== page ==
Today's students  want information now!  I hate to tell them, but knowledge isn't gained that way.  It takes 10,000 hours to become an expert. You can memorize all you want, and then purge it after a test - that doesn't prove you are intelligent, creative, or innovative.  It just means you learned how to memorize things in the short term.

    It takes 10,000 hours to become an expert.

    Reading can be an enjoyable experience.  Sitting down and reading a good novel can help relax the mind and body. How do we get learners to want to read and find that same enjoyment? What methods aren't working?  We need to identify those methods that don't work, and either modify them or do away with them completely. 

    Many  students have a really hard time sitting and just reading out of a book. I did as a kid; probably a lot of you did as well.  I got my fair share of dips and spikes on the bell curve because of it; but I was distracted -  I was a kid.  Distracted learning isn't new, a lot of students need extra stimuli to be creative.  So give it to them!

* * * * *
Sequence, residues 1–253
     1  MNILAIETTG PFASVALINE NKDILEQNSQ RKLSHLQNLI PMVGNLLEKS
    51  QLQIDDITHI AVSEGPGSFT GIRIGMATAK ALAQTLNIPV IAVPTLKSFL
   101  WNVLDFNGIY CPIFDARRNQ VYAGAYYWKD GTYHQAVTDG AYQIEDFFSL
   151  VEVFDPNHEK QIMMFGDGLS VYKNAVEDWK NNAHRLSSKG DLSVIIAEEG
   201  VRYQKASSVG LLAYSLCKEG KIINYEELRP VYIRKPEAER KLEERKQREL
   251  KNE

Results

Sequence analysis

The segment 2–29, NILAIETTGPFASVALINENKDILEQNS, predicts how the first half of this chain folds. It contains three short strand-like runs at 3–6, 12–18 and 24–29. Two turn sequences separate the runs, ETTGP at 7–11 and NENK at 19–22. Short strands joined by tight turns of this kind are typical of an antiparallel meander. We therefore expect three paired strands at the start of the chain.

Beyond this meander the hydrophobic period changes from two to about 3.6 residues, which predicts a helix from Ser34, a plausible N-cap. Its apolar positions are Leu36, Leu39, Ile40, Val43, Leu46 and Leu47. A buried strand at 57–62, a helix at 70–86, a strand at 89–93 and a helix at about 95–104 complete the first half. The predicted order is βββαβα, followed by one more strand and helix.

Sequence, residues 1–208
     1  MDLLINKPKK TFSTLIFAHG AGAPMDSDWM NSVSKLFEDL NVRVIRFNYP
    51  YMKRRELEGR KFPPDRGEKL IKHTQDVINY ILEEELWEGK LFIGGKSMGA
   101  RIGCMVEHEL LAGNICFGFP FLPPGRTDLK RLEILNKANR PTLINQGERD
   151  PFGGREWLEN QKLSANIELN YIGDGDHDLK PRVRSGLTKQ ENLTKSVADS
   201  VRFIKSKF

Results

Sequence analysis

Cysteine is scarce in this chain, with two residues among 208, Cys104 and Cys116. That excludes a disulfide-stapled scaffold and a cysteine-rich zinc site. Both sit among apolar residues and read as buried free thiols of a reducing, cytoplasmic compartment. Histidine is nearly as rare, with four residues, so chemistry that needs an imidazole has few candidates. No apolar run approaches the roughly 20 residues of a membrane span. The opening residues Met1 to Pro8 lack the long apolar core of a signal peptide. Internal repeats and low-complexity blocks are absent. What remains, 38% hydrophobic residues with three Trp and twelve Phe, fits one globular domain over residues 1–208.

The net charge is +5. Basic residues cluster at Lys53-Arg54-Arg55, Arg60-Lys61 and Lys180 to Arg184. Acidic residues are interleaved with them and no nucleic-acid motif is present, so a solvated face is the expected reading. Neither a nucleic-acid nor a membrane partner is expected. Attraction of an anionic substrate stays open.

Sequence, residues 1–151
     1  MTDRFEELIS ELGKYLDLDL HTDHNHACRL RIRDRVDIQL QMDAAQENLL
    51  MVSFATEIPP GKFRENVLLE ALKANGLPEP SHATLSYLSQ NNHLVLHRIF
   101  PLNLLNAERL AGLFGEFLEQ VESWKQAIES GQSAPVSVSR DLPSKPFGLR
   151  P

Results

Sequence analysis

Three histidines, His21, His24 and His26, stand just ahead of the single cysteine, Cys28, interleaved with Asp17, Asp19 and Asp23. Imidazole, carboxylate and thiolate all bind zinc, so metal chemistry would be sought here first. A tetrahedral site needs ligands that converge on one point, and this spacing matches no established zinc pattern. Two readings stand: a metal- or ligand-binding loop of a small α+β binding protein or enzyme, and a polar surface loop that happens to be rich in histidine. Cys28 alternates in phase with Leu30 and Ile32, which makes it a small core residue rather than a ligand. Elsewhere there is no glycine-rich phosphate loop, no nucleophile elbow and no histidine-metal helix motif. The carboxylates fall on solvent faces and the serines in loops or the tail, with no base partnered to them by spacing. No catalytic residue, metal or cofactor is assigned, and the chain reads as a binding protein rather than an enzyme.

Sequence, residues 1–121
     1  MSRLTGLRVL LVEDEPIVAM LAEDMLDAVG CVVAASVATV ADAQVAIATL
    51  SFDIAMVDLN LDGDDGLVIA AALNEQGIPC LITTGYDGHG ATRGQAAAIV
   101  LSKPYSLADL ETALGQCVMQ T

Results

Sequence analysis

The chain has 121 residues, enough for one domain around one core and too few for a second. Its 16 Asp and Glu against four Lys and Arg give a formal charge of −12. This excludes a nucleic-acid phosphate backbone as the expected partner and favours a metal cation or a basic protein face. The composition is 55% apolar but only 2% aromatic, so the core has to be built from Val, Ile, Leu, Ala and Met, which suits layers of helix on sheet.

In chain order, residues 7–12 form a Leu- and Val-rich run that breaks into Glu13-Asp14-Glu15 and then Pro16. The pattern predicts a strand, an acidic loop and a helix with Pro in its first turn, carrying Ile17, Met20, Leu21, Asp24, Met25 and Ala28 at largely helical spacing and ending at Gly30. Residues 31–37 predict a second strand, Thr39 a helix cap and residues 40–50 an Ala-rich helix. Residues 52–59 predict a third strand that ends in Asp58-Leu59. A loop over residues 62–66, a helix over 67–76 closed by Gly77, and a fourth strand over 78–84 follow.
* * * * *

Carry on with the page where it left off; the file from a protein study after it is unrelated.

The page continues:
The traditional approach or  asynchronous  approach  is still a valid methodology of teaching, but is losing ground in many areas. When you use a method that  is strictly asynchronously designed,  that simply gives you privilege to move on to another task before the first one is finished.  This method  doesn't help  build creativity nor foster innovation in students. It just rushes them throw a few steps to hurry along to the next.  

    Today's modern student wants Snapchat speed with information gathering.    You put these types of learners in a traditional classroom and they are going to look at you like you are from Mars.   Since the majority of high school student have a cell phone or ipod, or access to someone else's, they get bored easily in a traditional setting.  

    You are from Mars.